Wednesday, September 14, 2011

The Distribution of Pieces of the True Cross


By John Sanidopoulos

According to pious tradition, the size of the Cross of Christ was fifteen feet in height and eight feet in length. St. Cyril of Jerusalem (444 AD) writes: "The whole world has now been filled with pieces of the wood of the Cross" (Catachesis 4:10). He makes this statement no less than three times in his lectures to the catechumens of Jerusalem. St. John Chrysostom in the same century tells us that fragments of the True Cross were kept in golden reliquaries, which men reverently wore upon their persons. In 1889 two French archaeologists, Letaille and Audollent, discovered in the district of Sétif an inscription of the year 359 in which, among other relics, is mentioned the sacred wood of the Cross. Another inscription, from Rasgunia (Cape Matifu), somewhat earlier in date than the preceding, mentions another relic of the Cross.

St. Paulinus of Nola, some years later, sent to Sulpicius Severus a fragment of the True Cross with these words: "Receive a great gift in a little [compass]; and take, in [this] almost atomic segment of a short dart, an armament [against the perils] of the present and a pledge of everlasting safety" (Epistle 31). About 455 Juvenal, Patriarch of Jerusalem, sent to Pope St. Leo a fragment of the Precious Wood (Epistle 139). Later, under St. Hilary (468 AD) and under Symmachus (514 AD) we are again told that fragments of the True Cross are enclosed in altars. About the year 500 Avitus, Bishop of Vienne, asks for a portion of the Cross from the Patriarch of Jerusalem (P.L., LIX, 236, 239).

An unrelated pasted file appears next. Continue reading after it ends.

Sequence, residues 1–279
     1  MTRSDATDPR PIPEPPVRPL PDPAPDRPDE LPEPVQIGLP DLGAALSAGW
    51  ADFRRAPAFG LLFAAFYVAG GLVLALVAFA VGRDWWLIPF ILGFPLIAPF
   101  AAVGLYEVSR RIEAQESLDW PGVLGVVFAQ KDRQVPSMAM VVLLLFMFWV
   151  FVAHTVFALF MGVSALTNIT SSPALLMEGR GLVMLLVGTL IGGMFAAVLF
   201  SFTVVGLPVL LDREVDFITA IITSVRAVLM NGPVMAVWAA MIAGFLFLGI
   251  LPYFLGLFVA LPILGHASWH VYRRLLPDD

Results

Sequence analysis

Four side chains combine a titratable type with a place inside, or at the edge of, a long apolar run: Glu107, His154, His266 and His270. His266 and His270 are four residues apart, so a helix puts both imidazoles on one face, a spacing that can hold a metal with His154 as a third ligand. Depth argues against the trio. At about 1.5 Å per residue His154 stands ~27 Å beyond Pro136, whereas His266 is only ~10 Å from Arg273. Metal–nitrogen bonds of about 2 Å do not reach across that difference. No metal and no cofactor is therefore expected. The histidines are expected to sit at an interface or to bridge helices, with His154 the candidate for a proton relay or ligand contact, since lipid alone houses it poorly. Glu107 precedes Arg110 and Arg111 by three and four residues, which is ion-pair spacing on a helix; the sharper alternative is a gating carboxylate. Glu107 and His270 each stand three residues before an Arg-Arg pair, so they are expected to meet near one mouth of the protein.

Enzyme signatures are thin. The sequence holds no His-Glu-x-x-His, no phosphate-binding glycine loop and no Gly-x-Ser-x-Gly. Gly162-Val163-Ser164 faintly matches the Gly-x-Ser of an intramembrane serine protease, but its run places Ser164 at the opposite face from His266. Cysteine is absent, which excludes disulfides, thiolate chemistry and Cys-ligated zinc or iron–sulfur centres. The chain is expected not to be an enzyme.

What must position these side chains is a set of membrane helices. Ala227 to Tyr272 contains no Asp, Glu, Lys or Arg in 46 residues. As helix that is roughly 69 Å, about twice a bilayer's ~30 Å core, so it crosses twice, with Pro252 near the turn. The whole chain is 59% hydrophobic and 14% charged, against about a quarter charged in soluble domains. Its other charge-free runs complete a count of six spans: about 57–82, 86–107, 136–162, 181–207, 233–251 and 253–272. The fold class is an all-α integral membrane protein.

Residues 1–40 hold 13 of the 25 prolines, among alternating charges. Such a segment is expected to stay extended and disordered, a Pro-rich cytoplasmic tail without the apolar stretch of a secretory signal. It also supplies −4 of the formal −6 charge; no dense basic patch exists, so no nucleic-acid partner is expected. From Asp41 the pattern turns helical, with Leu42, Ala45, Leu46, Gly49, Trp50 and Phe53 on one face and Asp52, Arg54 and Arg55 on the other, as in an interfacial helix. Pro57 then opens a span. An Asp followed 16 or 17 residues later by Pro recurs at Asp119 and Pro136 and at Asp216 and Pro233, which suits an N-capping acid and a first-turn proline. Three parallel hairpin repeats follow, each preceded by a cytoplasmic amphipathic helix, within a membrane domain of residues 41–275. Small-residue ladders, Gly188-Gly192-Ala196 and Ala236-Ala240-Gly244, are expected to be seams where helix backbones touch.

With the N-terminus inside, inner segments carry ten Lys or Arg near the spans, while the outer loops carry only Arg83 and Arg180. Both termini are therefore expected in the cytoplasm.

In the Catholic Encyclopedia, the following is written to refute the Protestant and Rationalist argument that the amount of distributed relics of the Holy Cross throughout the world could be compared to the size of a battleship:

The work of Rohault de Fleury, "Mémoire sur les instruments de la Passion" (Paris, 1870), deserves more prolonged attention; its author has sought out with great care and learning all the relics of the True Cross, drawn up a catalogue of them, and, thanks to this labour, he has succeeded in showing that, in spite of what various Protestant or Rationalistic authors have pretended, the fragments of the Cross brought together again would not only not 'be comparable in bulk to a battleship', but would not reach one-third that of a Cross which has been supposed to have been three or four metres in height, with transverse branch of two metres, proportions not at all abnormal (op. cit., 97-179). Here is the calculation of this savant: Supposing the Cross to have been of pine-wood, as is believed by the savants who have made a special study of the subject, and giving it a weight of about seventy-five kilograms, we find that the volume of this Cross was 178,000,000 cubic millimetres. Now the total known volume of the True Cross, according to the finding of M. Rohault de Fleury, amounts to above 4,000,000 cubic millimetres, allowing the missing part to be as big as we will, the lost parts or the parts the existence of which has been overlooked, we still find ourselves far short of 178,000,000 cubic millimetres, which should make up the True Cross.

Today the largest portion of the True Cross can be found on Mount Athos (870,760 cubic millimeters; pictured above), followed by Rome (537,587), Brussels (516,090), Venice (445,582), Ghent (436,456) and Paris (237,731).

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